Hello! My name is Graham Humphrey and I was recently hired to be the new Visitor Services Coordinator to replace Abby Krolik after she leaves the Museum at the end of the month to continue her studies. I received my MA in Museum Studies from Johns Hopkins University and my BA from Brandeis University in Art History. For the past seven years, I have been working at museums, aboard sailboats and at National Park sites in visitor services, education, development and collections management. I have gotten to lead experiential education programs while dressed up in period costume at Harpers Ferry National Historical Park, teach basic seamanship to students aboard the schooner the Lady Maryland and work with goats at the Carl Sandburg Home in North Carolina. In my free time, I enjoy visiting other museums and historic sites, exploring the great outdoors, attending cultural events and staying involved within the Jewish community.
I am excited about continuing to make the Jewish Museum a welcoming environment and to ensure that visitors have a rewarding experience. I also hope to encourage public discourse about contemporary issues, explore how we can engage new audiences as well as serve as agents for social change in our community.
Marvin’s note: We don’t plan I having Graham work with goats… but a “Jewish pirates sail”, well who knows what is possible.
Posted on May 13th, 2015 by Rachel
A few weeks ago, I was lucky enough to be able to attend the American Alliance of Museums (AAM) conference in Atlanta, Georgia. Along with several thousand other museum curators, educators, administrators, registrars, developers, and – of course – collections managers, I enjoyed four days of camaraderie, discussion, ideas, and food both mediocre (sorry, official conference hotel’s catering) and excellent (thank you, Mary Mac’s Tea Room). Atlanta inaugurated a city-wide Museum Week to coincide with the conference, and many local venues and organizations sent their ‘mascots’ to the Georgia World Congress Center to welcome the attendees.
I’m not personally a fan of costumed mascots, but I couldn’t resist posing with Zhu Zhu from Zoo Atlanta.
There are many museum conferences to attend each year, from local to national to international. Among those options, AAM positions itself as one of the ‘big ones,’ and indeed many of the session topics relate to the concerns of extremely large, influential, and well-known institutions. However, in recent years they’ve made a push to serve museums on the other end of the scale. That gives those of us with smaller staffs and budgets a chance to meet with our cohorts from across the country, discuss topics relevant to our needs, gather info about current trends, and learn useful tips on applying those trends that we can steal borrow from our fellows. There is a certain chip-on-our-shoulders attitude common to small-to-mid-size museum employees at a gathering like this one; in one session, geared toward historical societies and similarly not-exactly-the-Met museums, a presenter unwisely said: “Well, we only have 15 full-time staff.” The audience did not feel her pain. (It was a very useful session, though.)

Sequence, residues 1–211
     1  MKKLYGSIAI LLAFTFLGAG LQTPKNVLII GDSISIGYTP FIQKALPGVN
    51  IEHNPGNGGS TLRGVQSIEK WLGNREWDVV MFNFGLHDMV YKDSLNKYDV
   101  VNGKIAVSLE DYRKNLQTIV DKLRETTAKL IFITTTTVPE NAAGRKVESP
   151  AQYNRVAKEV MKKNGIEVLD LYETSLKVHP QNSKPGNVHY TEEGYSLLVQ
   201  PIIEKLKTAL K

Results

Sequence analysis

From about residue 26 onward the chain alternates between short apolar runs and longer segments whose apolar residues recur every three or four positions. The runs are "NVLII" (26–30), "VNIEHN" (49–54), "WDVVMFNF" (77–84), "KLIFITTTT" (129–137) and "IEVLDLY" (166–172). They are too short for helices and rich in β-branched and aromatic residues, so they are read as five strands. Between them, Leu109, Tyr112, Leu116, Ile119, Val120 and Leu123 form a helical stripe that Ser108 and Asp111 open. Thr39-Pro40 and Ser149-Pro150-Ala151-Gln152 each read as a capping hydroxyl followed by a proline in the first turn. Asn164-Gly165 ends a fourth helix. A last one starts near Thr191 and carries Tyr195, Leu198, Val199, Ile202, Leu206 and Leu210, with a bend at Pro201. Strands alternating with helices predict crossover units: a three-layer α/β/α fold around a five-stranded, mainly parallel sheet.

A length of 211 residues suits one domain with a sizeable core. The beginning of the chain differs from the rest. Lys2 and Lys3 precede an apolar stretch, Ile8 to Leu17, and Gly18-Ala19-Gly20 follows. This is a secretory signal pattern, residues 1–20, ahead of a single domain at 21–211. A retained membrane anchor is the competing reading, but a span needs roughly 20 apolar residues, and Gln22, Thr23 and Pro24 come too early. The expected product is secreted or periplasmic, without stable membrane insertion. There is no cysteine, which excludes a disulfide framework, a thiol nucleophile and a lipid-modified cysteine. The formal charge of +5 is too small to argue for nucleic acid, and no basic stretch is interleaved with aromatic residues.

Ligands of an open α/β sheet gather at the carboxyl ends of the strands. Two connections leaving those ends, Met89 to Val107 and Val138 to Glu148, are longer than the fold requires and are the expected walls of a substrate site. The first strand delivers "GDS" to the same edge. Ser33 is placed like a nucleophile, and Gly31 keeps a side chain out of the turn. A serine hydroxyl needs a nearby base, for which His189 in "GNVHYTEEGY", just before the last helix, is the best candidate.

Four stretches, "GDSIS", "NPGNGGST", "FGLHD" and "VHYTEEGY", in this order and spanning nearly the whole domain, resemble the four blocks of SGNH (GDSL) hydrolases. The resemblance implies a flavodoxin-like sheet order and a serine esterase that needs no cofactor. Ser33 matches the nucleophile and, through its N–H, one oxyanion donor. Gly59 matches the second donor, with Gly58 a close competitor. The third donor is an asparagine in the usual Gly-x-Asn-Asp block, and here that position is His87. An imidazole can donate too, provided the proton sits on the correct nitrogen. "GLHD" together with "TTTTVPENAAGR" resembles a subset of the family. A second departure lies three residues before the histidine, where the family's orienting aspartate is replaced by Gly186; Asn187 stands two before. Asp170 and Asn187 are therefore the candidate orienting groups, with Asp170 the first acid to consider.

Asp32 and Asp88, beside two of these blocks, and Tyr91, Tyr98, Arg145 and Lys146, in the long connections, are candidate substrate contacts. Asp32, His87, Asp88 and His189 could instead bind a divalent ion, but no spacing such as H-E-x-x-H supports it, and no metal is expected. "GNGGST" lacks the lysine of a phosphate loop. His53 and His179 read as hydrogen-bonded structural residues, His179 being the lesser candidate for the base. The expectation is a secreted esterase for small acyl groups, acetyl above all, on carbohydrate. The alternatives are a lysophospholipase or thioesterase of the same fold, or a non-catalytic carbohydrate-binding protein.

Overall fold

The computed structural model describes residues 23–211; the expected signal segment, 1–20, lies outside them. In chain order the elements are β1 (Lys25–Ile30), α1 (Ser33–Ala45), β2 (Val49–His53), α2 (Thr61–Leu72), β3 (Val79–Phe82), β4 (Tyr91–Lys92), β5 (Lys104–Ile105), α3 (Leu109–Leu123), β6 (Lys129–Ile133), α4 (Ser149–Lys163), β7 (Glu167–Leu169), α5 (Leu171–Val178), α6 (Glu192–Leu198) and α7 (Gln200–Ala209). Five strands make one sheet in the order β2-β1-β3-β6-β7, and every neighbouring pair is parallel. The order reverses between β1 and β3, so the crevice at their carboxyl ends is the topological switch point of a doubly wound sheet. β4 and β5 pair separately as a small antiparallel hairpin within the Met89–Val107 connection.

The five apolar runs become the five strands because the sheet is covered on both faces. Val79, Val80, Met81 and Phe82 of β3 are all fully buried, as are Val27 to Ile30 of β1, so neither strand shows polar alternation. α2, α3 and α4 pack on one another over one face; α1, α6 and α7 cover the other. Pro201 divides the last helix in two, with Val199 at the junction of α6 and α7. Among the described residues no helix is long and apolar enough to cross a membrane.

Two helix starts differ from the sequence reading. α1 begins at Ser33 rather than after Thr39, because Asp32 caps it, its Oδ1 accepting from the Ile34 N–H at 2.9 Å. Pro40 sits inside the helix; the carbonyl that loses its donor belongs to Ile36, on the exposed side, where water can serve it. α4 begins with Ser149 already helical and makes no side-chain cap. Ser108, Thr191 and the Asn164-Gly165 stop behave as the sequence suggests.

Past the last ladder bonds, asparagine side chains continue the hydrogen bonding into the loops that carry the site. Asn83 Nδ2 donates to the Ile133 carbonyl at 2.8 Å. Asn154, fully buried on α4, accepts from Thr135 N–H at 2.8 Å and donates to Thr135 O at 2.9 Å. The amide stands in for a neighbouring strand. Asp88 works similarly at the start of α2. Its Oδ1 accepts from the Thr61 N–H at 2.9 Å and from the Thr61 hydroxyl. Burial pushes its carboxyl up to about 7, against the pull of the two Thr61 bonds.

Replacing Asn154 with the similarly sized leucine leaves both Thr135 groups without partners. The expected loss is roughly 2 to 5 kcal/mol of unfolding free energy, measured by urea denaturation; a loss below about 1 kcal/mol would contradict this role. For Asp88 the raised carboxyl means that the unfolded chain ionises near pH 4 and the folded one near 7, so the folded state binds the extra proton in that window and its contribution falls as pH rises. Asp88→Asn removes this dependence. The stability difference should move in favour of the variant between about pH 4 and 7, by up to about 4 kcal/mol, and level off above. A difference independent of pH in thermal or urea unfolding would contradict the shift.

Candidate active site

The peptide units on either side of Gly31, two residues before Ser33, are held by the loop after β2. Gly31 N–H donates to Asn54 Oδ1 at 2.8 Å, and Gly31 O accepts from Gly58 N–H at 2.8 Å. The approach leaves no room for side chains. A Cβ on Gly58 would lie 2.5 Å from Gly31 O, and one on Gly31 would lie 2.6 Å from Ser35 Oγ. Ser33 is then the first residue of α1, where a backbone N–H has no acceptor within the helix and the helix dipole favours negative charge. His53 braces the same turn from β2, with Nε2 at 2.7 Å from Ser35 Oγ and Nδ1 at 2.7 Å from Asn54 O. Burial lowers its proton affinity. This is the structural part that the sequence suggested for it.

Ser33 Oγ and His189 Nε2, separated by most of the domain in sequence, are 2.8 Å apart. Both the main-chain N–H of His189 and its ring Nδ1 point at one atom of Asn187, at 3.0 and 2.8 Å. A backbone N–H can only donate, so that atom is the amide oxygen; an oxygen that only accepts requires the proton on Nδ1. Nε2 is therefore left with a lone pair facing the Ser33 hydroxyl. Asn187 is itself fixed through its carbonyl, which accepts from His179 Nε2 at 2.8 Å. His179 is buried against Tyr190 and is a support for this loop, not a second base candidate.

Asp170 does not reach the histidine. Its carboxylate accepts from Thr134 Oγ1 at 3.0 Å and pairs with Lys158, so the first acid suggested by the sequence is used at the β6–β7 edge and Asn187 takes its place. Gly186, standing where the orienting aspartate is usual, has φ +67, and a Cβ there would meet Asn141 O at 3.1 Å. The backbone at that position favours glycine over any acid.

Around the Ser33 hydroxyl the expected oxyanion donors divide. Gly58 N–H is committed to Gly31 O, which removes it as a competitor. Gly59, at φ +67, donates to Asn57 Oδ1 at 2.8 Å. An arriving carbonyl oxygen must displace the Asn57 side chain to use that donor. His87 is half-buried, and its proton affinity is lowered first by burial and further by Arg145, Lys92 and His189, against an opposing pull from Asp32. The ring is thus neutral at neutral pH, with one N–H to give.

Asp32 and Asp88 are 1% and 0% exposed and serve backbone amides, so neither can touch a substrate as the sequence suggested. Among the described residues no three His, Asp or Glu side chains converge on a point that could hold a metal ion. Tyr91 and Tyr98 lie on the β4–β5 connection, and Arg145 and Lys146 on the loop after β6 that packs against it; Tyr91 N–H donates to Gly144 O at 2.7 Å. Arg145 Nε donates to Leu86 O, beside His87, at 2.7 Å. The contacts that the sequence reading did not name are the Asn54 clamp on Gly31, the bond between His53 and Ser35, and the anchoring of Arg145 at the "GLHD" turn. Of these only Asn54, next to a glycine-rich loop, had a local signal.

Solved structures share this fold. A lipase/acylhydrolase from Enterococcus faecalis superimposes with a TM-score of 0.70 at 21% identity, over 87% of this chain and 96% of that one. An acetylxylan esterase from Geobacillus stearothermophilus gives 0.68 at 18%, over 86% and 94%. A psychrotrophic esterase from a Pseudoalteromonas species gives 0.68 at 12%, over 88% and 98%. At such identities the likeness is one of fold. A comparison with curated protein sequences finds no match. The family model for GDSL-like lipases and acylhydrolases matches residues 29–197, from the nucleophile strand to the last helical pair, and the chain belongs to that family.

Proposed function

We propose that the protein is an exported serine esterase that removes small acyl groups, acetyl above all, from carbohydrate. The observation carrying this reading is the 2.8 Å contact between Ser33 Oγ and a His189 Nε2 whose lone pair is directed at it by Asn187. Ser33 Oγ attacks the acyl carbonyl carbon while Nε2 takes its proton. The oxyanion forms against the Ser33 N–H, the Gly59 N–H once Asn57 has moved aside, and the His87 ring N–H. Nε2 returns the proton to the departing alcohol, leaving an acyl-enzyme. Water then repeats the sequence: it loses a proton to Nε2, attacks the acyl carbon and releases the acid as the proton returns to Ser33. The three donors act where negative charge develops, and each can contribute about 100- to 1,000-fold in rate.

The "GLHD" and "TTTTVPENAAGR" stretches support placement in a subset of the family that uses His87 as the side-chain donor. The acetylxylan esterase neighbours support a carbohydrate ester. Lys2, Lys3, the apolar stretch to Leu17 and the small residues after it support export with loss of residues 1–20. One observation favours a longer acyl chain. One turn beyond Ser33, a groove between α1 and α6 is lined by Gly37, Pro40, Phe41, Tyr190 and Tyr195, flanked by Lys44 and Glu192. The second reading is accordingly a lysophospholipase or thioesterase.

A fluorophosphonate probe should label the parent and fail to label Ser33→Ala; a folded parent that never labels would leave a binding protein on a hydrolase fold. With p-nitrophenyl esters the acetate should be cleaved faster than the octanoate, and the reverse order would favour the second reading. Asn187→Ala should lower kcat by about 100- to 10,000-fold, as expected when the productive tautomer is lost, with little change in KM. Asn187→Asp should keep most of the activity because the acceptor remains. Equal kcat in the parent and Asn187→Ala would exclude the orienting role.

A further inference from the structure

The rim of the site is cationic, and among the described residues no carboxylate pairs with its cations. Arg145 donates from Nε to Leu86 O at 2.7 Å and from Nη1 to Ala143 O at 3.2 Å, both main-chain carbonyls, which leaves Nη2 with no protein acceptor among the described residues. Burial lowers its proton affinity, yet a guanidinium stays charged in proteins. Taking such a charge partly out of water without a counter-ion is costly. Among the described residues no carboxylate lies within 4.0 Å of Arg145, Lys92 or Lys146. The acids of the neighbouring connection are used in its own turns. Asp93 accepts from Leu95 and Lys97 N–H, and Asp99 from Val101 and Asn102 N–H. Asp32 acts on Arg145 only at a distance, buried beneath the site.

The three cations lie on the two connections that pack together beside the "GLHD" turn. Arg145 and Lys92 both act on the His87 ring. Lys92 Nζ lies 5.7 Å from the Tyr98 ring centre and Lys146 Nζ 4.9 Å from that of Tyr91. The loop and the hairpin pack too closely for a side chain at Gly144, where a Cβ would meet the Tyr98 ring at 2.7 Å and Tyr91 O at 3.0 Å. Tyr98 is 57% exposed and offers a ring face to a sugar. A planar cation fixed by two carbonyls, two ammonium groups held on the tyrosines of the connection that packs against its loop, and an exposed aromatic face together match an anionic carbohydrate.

Conferences are a great chance to catch up with old friends, network with new ones, buy topical books at a discount, and gather as much information, contacts, and swag from the Expo Hall as you can….
The accidental theme of the only photos I took at the conference: Bears. This fine fellow was in the Expo Hall.
…Oh, and attend sessions, right! The actual point of the conference! I went to lots of sessions about artifact and archival collections, of course, with themes ranging from the philosophical to the practical. In keeping with the conference’s theme, “The Social Value of Museums: Inspiring Change,” the keynote speaker, Dr. Johnetta Betsch Cole, roused the crowd with her call to action: Broadening the diversity of museums’ content, audiences, boards, and staff. And, on the morning of Tuesday, April 28th – after a Monday evening spent watching the news as events unfolded back in Baltimore – a packed meeting room discussed the lessons learned by the Missouri History Center in the wake of Ferguson, and the ways in which museums in Baltimore and other cities can respond to and reflect on their communities’ needs.
As always, I returned from the conference with a bag full of notes, brochures, books, free pens, and far too many new ideas to implement all at once. The challenge is to maintain that enthusiastic “we can do it!” impetus in the face of the day-to-day realities of museum work. But I’m so glad to be working in a museum like the JMM, an organization that welcomes those ideas, encourages that enthusiasm, and is ready to respond positively and proactively to the Maryland community.
A blog post by Collections Manager Joanna Church. To read more posts from Joanna click HERE.